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Athena's Free Firewall Browser 23

athenasec writes "Firewall Browser is a free configuration analyzer (download here), released by Athena Security, which works on Cisco, Check Point, and Netscreen firewalls for searching rulebases based on address or service ranges — the way change requests are actually made. The tool is available as a free download with no limitations, user license restrictions, or registration hurdles. Users can slice and dice any firewall-related question about the network, service objects, and security rules for a multi-vendor environment from a single flexible interface. There is also this how-to guide for applying the tool to day-to-day operational tasks."

Submission + - Pittsburgh announces interest in Google RFI (

An anonymous reader writes: The City of Pittsburgh, has announced along with Carnegie Mellon University, University of Pittsburgh Medical Center, and the University of Pittsburgh that it intends on responding to Google's 1Gbps Fiberoptic FTTH (Fiber to the Home) request for information. The Mayor seemed very pleased and eager to welcome Google, and give them the key to the City. Pittsburgh is hoping to continue to push technology to it's limits and be at the forefront of technology for the rest of the USA and even the world to look to.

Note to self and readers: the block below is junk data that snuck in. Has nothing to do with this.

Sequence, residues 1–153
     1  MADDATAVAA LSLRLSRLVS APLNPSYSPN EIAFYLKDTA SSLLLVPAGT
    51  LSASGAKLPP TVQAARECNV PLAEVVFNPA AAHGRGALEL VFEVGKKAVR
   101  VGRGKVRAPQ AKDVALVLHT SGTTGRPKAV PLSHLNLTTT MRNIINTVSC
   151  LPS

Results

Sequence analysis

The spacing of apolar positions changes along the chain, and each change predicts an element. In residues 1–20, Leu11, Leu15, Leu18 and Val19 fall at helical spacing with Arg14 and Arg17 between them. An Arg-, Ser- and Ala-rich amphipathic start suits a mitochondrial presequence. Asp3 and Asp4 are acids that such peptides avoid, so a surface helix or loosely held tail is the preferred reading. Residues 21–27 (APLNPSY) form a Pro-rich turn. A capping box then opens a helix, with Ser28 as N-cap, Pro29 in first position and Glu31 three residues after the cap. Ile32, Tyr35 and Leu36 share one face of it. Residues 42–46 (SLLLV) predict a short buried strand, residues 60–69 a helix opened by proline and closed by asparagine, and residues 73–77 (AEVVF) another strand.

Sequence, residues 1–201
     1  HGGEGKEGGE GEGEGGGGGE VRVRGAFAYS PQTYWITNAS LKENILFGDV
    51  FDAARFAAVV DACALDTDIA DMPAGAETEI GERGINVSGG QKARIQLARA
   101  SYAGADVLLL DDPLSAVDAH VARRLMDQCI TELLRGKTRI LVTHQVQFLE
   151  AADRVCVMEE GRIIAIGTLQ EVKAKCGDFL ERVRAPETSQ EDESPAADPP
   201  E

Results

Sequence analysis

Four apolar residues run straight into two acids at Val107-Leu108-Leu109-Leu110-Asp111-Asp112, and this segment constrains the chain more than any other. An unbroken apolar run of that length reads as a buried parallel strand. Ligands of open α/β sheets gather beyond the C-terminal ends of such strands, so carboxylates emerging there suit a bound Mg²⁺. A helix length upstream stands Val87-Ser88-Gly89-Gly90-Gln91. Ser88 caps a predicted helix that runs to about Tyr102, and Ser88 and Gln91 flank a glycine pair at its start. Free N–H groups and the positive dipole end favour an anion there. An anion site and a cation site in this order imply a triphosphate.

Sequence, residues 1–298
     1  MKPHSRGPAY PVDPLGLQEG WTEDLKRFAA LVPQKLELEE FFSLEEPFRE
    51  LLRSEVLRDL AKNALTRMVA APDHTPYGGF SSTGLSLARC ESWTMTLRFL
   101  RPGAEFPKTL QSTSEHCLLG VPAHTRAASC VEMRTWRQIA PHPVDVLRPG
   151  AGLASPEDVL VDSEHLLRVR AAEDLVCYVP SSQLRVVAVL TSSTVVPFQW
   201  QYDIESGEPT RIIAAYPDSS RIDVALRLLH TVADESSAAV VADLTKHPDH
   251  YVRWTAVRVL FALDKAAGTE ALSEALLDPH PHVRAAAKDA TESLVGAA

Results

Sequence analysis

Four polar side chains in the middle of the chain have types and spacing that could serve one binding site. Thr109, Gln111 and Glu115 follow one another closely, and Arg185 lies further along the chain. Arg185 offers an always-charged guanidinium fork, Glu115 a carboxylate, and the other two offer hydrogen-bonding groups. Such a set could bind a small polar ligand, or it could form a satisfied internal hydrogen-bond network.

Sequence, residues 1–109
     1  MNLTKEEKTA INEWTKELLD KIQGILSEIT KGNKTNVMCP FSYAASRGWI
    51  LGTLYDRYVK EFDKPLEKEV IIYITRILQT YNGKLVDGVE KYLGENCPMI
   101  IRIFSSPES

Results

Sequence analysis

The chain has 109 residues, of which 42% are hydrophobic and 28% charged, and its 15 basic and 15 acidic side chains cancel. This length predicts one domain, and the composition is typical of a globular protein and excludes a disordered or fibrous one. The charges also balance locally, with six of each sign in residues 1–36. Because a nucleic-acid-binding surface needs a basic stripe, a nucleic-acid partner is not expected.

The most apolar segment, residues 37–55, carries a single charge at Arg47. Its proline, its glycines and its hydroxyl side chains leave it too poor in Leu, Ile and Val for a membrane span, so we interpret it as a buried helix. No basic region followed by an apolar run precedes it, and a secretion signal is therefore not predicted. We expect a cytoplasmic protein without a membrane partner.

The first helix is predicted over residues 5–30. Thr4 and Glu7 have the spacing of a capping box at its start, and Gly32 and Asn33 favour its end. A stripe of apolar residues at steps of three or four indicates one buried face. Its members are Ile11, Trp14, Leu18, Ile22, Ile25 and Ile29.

Dad Delivers Baby Using Wiki 249

sonamchauhan writes "A Londoner helped his wife deliver their baby by Googling 'how to deliver a baby' on his mobile phone. From the article: 'Today proud Mr Smith said: "The midwife had checked Emma earlier in the day but contractions started up again at about 8pm so we called the midwife to come back. But then everything happened so quickly I realized Emma was going to give birth. I wasn't sure what I was going to do so I just looked up the instructions on the internet using my BlackBerry."'"

Comment I recommend against digitized pen math notes (Score 1) 823

So, this is just my experience, and I'm sure you won't listen or will have a different experience, but:

I tried taking electronic notes in maybe a half dozen undergrad math classes using a Newton message pad in ink mode. I believe that I did significantly more poorly in those classes than if I would have used pen and paper. It was just too futzy. The Newton worked fine, because it wasn't trying to recognize, but the added layer of technology didn't justify itself in terms of the potential but unrealized benefits of search- or store-ability.

I did homework assignments in LaTeX and got quite fast in it, but not fast enough to take notes with it using a keyboard. (Although I sometimes felt like I got points off because my work was too easy to read!) The classes I did best in I took pen and paper notes and then later transcribed and condensed these into LaTeX study guides.

On the flip side, for less notation-focused classes, like say, literature, it was awesome to be able to search my electronic notes and I think this justified the effort in changing my handwriting so the Newton would read it. I still see the effects of this in my writing today!

Good luck!


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